However, this term had limitations in that it failed to capture the various and complex needs of

learners. In Gardner’s work (1985), instrumental motivation was explained as the desire that

language learners have to learn a second language for practical purposes, such as employment;

however, the concept of instrumental motivation did not capture the multifarious relationships

between the power, identity, and language learning. Norton (1995) explained that “the

conception of investment rather than motivation more accurately signals the socially and

historically constructed relationship” (p.17). Norton (1995) argued that Garner’s concept of

“instrumental motivation” indicated an outside motivation for achieving learners’ future goals

such as getting a professional job or part of an elite group. Further, instrumental motivation

generally showed “a unitary, fixed, and ahistorical language learner who desires access to

material resources that are the privilege of the target language speakers.” (p. 17).

Questioning the concept of motivation, Norton suggested using a more integrative term

“investment.” Drawing from the concept of Bourdieu’s (1977) cultural capital, which explained

that information and knowledge illustrate that different classes are associated with explicit sets of

social forms, Norton (1995) introduced investment which she defined as a signal of learners’

desire to learn and practice a target language. This socially and historically constructed

relationship of learners allows them to invest in the target language. In doing so, learners acquire

a wider dimension of symbolic and material resources (Norton, 1995, p.17), which will intensify

the significance of their cultural capital.

Thus, unlike the traditional concept of instrumental motivation, the notion of investment

perceives language learners as ones who have a complex identity that constantly changes with

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a learner’s motivation, passion and desire through their investment in their learning, and in this

study, use of mobile devices for language learning. The investments arise from both the

availability and ease of use of mobile devices along with their own desire to learn a language.

In sum, these two theories helped me investigate ELs’ use of technology, and the

investment they place in the use of their mobile devices. The New Literacies Studies and related

literature provided in-depth understanding about ELs’ digital literacies and their associated social

and cultural groups. In addition to this, Norton’s concept of investment offered a lens to discover

why ELs use mobile devices and dynamics that they learn English through this new technology.

Overview of the Study

This qualitative study took place during the fall and the winter of 2017. To investigate my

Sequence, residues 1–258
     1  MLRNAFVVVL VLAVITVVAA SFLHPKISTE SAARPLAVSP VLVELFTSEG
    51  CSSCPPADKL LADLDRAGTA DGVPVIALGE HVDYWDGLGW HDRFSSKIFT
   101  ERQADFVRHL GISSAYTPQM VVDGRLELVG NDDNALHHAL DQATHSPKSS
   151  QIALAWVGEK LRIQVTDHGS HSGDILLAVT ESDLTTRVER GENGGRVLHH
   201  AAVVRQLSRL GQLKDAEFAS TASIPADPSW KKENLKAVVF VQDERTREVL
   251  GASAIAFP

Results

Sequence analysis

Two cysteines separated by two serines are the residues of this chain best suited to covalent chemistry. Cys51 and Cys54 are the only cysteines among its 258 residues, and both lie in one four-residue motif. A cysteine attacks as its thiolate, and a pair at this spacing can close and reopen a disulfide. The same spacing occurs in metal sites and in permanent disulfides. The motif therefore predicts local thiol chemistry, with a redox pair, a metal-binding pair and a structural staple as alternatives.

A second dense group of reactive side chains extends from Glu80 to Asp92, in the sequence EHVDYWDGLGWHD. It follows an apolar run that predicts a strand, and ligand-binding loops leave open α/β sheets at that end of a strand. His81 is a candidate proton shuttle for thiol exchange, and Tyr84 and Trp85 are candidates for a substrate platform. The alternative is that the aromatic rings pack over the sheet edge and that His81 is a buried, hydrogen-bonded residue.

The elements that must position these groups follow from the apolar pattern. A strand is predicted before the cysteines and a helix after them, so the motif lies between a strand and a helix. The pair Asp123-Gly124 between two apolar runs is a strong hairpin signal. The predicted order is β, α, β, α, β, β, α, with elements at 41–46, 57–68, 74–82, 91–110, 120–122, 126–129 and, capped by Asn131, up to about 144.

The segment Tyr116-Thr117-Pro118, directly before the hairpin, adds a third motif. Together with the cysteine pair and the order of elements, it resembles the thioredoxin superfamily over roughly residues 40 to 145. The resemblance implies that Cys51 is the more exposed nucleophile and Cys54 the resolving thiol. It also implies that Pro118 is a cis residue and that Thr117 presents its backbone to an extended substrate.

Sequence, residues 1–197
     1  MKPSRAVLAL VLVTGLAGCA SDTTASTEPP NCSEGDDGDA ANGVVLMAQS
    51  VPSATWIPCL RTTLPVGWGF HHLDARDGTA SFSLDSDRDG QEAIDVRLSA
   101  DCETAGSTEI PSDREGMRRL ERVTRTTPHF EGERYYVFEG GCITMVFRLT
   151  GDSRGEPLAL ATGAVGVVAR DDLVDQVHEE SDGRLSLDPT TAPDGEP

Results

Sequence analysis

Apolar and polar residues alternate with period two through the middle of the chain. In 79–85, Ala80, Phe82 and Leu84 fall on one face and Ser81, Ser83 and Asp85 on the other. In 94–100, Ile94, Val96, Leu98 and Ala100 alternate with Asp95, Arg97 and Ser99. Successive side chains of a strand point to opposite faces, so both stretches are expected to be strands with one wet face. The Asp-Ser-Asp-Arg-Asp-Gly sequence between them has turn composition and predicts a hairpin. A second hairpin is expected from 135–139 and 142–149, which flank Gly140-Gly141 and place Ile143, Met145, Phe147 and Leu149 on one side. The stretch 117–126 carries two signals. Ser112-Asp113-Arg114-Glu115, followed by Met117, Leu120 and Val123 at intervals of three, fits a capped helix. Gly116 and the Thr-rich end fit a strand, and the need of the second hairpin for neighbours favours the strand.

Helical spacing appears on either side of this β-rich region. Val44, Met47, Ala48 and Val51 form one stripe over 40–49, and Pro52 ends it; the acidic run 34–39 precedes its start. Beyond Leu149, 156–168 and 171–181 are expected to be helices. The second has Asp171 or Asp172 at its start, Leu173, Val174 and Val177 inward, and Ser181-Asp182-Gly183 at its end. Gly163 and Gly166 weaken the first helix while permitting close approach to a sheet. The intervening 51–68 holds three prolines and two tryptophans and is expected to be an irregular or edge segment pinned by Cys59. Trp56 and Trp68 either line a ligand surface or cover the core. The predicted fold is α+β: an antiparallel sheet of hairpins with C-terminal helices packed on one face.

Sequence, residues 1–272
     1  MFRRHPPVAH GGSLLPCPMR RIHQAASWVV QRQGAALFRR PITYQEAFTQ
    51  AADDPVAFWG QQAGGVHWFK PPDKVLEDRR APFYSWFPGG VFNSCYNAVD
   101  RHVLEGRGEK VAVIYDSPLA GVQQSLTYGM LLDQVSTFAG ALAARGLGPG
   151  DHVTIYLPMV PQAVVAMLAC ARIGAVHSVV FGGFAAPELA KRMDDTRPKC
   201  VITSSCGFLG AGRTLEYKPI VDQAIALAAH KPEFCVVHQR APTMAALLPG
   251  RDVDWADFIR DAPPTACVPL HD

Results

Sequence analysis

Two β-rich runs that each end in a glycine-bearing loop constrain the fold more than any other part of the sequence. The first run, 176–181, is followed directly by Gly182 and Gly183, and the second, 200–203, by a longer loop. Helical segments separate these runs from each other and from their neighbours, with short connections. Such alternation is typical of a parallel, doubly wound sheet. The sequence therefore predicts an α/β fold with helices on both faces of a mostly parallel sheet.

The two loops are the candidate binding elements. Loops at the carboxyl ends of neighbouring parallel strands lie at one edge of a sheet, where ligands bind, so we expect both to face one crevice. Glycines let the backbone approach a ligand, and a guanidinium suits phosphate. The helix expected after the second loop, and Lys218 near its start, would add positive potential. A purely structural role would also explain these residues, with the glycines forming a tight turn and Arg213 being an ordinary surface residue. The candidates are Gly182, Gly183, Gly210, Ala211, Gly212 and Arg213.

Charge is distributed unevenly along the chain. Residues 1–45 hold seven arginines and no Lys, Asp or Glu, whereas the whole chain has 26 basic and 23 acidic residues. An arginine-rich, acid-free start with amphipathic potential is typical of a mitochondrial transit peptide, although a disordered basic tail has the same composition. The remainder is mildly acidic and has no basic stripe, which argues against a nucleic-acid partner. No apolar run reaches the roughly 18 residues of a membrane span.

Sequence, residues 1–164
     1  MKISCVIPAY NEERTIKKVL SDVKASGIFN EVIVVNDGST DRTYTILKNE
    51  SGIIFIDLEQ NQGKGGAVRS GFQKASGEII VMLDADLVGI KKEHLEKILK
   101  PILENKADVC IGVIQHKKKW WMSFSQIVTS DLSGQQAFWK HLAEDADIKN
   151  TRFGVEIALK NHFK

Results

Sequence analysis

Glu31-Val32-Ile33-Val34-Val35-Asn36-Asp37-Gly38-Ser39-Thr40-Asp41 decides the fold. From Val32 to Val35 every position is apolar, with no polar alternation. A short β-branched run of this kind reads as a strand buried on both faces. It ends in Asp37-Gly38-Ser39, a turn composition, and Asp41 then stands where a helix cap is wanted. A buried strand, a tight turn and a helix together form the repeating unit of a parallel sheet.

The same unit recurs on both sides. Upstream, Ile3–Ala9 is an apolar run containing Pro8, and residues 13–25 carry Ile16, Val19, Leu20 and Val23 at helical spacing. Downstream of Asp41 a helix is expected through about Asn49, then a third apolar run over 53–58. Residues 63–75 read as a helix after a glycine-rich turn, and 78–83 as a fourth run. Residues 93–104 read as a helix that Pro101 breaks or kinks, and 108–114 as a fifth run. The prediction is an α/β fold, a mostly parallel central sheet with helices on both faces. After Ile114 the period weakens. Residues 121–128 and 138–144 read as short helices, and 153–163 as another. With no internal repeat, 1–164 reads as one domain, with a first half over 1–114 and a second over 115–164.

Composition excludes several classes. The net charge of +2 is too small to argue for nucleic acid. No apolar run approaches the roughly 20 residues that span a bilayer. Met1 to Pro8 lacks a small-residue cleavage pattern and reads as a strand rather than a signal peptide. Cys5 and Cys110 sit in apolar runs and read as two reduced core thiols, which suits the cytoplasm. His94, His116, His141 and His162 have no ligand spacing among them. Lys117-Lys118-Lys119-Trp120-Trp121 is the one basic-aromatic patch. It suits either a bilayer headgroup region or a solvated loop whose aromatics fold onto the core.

research questions, I used qualitative methods for data collection and analysis. Specifically, I

used a case study approach that primarily focused on semi-structured interviews (Stake, 2005). I

recruited four ELs who had smartphone access.

Participants in this study were EL students in a local high school and a university. The

age range of participants for this study was between 15 to 21. Three participants were Korean

high school students, and one was Chinese who studied in a university.

The primary data source was semi-structured interviews. Participants participated in five

audiotaped interviews with me throughout the length of the study. Other data sources included a

conversations, participant-generated journals, and my own researcher’s journal. Data were

analyzed by following the constant comparative method (Bogdan & Biklen, 2003) to determine

categories and emerging themes. Implications for this study enable educators to understand the

potential for mobile device language learning and offer insights for researchers into mobile

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Significance of the Study

This study has the potential to enhance an understanding of why and how ELs utilize

their mobile devices for language practices and learning. Understanding of the EL population

and their literacy activities through mobile devices will advance knowledge in the field of

English language education. In addition, this study has the potential to provide educators and

researchers practical applications for use in ESL classroom curricula. The study articulates key

resources ELs use on their mobile devices and how they use those resources in their language

learning. This knowledge may help teachers incorporate the mobile technology into not only

their classroom activities but also out of school curricula and activities. Lastly, it is hoped that

this study will add to the literature on how mobile devices can be used to support ELs language

learning, and learning in general, and to explore the potential benefits of these devices as a

language tool.

Summary

This chapter presented current trends of using mobile devices among different age groups

and races. In addition to this, I described my interests in the area and how I developed my

interests from my past experiences. More importantly, the last part of the chapter contributed to a

rationale for the study and a theoretical framework that I attempt to use for the study.